How to Guide Your Client from Information Gatherer to Informed Decision Maker

First, there was the agricultural revolution. Then, the industrial revolution. And now, the information revolution.

The positive side of the information revolution is that the internet empowers consumers by giving them access to more information. But the negative is that too much information, when not understood through the proper filters, may result in poor decisions that lead to disappointing outcomes.

Information coupled with the right guidance, however, can make all the difference.

In an effort to better understand how consumers are researching and using insurance information online, Chubb recently commissioned a survey, “Winning the New Client Journey.” As many as 53% of consumers have shopped online for homeowners insurance in the past 12 months, and 61% are likely to do so in the future, according to the results.

In addition, financially successful individuals and families are the most likely to browse for home insurance online, with 63% and 73% of respondents reporting that they have or plan to do so, respectively—the most of any income group.

Using the same online shopping strategy to purchase homeowners insurance as they do to buy a pair of shoes could be a costly trend for consumers exposed to lower-cost plans—especially ones with little long-term value. But an overwhelming 80% of clients are looking for an agent to make a recommendation on coverage, not just on price, according to the survey. That means agents and brokers have an opportunity to set themselves apart and present their clients with effective solutions.

Here are three simple steps to use in every client engagement:

1) Provide context about the information the client has gathered. Quite often, a client experiences a life event that reveals a need to reevaluate their insurance. They probably search for coverage options online and then call you to discuss.

Clients reach out to agents and brokers rather than making independent decisions for two major reasons: advice and access. If you already have an ongoing relationship, your client values your ability to understand their life situation. And if something happens, they want to be able to call someone they have a relationship with, rather than a company rep.

2) Stretch their horizons to help them understand the long-term complexity of their insurance needs. Consumers generally have a bias for simplicity. Humans are hardwired to think short-term—and in insurance, that often translates to a focus on price. But when agents and brokers demonstrate that they anticipate and understand their clients’ broader needs, they can present bigger solutions that encompass future needs, not just immediate gains and benefits.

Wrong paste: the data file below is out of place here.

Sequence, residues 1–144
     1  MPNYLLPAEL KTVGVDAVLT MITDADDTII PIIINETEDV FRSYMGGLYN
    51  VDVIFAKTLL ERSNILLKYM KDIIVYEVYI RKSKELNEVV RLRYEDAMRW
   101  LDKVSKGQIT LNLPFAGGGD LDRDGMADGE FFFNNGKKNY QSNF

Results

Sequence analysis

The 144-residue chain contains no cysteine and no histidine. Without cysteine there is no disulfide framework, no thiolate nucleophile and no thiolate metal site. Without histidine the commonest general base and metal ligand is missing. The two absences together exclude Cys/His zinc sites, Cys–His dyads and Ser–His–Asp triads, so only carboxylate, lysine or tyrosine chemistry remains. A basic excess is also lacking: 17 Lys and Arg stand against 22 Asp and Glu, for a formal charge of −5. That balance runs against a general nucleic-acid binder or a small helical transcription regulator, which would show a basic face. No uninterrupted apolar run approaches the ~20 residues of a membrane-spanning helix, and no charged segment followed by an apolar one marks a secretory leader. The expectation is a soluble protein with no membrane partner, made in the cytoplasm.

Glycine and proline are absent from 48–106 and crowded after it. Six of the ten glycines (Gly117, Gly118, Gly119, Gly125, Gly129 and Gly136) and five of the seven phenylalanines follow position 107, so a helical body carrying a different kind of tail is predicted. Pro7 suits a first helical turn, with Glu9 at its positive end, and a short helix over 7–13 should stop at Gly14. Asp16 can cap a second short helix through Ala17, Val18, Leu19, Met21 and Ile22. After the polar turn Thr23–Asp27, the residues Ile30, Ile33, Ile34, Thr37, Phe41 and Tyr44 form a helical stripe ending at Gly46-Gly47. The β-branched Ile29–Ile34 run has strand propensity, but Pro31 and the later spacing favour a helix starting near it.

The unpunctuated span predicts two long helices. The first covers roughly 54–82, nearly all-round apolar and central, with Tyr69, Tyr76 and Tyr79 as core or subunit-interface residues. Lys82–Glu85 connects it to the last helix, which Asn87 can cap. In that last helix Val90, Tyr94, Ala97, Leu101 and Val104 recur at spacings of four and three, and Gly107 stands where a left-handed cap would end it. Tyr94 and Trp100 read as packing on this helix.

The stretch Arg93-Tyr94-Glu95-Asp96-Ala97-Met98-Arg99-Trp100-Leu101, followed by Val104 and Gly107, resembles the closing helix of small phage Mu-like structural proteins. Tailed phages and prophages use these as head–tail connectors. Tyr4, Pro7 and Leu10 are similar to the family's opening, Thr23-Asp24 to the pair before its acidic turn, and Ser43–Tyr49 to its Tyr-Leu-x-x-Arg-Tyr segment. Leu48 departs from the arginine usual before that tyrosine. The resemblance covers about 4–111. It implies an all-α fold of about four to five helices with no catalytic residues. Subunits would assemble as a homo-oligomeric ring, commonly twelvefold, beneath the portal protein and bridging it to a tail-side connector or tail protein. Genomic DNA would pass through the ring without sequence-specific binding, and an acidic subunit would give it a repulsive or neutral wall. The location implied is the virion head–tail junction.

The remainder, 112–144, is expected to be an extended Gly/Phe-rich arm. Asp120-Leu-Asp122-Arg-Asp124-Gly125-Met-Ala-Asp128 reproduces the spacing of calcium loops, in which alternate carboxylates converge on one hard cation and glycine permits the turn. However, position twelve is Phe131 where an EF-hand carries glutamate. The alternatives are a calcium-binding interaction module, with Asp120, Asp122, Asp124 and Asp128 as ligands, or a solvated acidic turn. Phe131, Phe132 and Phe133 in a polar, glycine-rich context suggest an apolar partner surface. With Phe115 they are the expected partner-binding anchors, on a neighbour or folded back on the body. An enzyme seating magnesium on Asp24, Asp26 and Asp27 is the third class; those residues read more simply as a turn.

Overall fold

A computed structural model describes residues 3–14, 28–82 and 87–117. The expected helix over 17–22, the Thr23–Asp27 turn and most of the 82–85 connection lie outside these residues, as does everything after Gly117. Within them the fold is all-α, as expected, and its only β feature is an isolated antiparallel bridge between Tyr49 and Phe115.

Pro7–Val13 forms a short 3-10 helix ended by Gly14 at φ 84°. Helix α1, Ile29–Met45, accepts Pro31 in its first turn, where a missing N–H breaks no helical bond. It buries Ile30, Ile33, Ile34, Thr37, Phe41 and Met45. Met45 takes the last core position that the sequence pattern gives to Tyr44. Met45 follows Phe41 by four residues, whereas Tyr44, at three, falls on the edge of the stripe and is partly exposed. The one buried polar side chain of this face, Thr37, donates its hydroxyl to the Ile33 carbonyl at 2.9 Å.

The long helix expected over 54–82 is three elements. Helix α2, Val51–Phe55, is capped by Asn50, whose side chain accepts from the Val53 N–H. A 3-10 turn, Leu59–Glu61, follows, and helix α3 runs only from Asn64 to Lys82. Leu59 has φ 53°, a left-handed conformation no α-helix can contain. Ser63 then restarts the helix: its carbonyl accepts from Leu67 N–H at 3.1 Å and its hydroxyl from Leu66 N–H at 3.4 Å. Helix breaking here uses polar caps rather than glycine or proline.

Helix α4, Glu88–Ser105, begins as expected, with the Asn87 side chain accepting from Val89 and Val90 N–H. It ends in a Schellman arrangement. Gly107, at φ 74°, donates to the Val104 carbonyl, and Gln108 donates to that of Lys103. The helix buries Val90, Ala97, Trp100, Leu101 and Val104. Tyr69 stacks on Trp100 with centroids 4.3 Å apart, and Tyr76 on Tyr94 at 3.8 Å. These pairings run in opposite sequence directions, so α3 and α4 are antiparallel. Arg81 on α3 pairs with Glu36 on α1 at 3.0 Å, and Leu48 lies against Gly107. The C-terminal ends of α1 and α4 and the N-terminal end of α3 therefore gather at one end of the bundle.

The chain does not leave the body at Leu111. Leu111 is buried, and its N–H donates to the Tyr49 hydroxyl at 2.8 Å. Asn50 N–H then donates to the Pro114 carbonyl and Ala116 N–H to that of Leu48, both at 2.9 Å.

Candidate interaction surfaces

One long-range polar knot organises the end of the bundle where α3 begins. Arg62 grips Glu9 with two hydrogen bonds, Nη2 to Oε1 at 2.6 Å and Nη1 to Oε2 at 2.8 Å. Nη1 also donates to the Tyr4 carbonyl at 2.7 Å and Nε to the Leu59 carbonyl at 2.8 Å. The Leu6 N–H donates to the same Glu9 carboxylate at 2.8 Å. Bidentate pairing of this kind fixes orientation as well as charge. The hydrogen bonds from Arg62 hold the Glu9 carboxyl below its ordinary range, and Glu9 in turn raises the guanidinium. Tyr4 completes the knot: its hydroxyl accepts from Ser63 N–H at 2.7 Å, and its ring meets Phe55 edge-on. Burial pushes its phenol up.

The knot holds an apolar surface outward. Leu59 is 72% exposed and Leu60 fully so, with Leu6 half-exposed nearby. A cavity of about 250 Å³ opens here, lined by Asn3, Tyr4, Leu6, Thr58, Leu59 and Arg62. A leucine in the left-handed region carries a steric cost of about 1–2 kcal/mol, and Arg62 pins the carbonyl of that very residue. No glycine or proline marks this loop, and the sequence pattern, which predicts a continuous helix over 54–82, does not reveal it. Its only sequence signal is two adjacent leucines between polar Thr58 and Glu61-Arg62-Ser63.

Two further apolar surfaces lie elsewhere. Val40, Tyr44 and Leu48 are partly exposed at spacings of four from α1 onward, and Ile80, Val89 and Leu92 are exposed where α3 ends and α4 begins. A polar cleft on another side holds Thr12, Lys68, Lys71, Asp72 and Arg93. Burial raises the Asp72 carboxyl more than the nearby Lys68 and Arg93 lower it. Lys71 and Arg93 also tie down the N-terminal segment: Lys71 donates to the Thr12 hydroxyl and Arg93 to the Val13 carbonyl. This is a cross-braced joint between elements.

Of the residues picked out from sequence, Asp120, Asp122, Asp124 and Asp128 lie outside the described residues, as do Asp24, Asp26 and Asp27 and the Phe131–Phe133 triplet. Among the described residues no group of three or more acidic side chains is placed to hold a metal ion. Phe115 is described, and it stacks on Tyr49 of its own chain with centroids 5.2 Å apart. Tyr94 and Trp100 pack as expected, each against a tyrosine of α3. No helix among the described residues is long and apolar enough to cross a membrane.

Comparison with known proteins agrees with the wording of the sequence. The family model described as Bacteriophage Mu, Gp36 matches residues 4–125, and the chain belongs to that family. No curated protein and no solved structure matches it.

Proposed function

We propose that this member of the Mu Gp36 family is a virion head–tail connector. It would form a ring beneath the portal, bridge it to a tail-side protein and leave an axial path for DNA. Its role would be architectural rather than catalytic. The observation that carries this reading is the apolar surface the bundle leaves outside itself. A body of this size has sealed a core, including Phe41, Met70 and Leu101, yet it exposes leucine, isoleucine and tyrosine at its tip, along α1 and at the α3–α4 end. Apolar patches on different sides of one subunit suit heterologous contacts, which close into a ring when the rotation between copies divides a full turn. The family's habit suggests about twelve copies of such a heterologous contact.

For example, consider an underinsured couple nearing retirement. While on vacation, a pipe bursts in their home, causing severe damage to their high-end custom kitchen cabinets and finished basement. In order to restore the home to its full value, they take out a home equity loan—and ultimately end up delaying retirement.

Such incidents can expose your clients to unforeseen challenges to their financial security. By stretching their horizons so that they see the entire playing field, you can help them avoid unforeseen circumstances.

3) Redefine value in terms they will understand. There are a few ways to change the way your clients define value.

First, your clients should fully understand the entire insurance product, including the best features and benefits with a strong emphasis on the long-term value of their policy. Second, the reputation of your agency or brokerage should serve to enhance the relationship.

Third, your relationship and conversations with your clients should be ongoing rather than just circumstantial. It may be the difference in how your client differentiates your value versus services offered somewhere else—including online resources.

Mary Parsons is executive vice president, sales & distribution leader, Chubb Personal Risk Services.